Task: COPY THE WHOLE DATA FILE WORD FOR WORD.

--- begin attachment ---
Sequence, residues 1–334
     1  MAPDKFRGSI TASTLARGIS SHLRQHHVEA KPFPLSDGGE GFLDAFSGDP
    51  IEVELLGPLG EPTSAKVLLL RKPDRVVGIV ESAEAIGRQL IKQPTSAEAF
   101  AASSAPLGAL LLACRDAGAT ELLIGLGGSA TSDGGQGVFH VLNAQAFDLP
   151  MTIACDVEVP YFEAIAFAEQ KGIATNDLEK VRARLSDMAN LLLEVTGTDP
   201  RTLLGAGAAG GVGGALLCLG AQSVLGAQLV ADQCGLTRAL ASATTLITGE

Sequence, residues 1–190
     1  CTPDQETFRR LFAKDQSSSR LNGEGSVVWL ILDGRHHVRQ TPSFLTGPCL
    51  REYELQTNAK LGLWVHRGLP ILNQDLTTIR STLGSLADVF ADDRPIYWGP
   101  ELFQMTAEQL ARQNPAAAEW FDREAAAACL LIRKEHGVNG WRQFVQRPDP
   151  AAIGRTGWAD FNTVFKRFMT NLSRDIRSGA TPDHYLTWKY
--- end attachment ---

Sequence, residues 1–334
     1  MAPDKFRGSI TASTLARGIS SHLRQHHVEA KPFPLSDGGE GFLDAFSGDP
    51  IEVELLGPLG EPTSAKVLLL RKPDRVVGIV ESAEAIGRQL IKQPTSAEAF
   101  AASSAPLGAL LLACRDAGAT ELLIGLGGSA TSDGGQGVFH VLNAQAFDLP
   151  MTIACDVEVP YFEAIAFAEQ KGIATNDLEK VRARLSDMAN LLLEVTGTDP
   201  RTLLGAGAAG GVGGALLCLG AQSVLGAQLV ADQCGLTRAL ASATTLITGE

Sequence, residues 1–190
     1  CTPDQETFRR LFAKDQSSSR LNGEGSVVWL ILDGRHHVRQ TPSFLTGPCL
    51  REYELQTNAK LGLWVHRGLP ILNQDLTTIR STLGSLADVF ADDRPIYWGP
   101  ELFQMTAEQL ARQNPAAAEW FDREAAAACL LIRKEHGVNG WRQFVQRPDP
   151  AAIGRTGWAD FNTVFKRFMT NLSRDIRSGA TPDHYLTWKY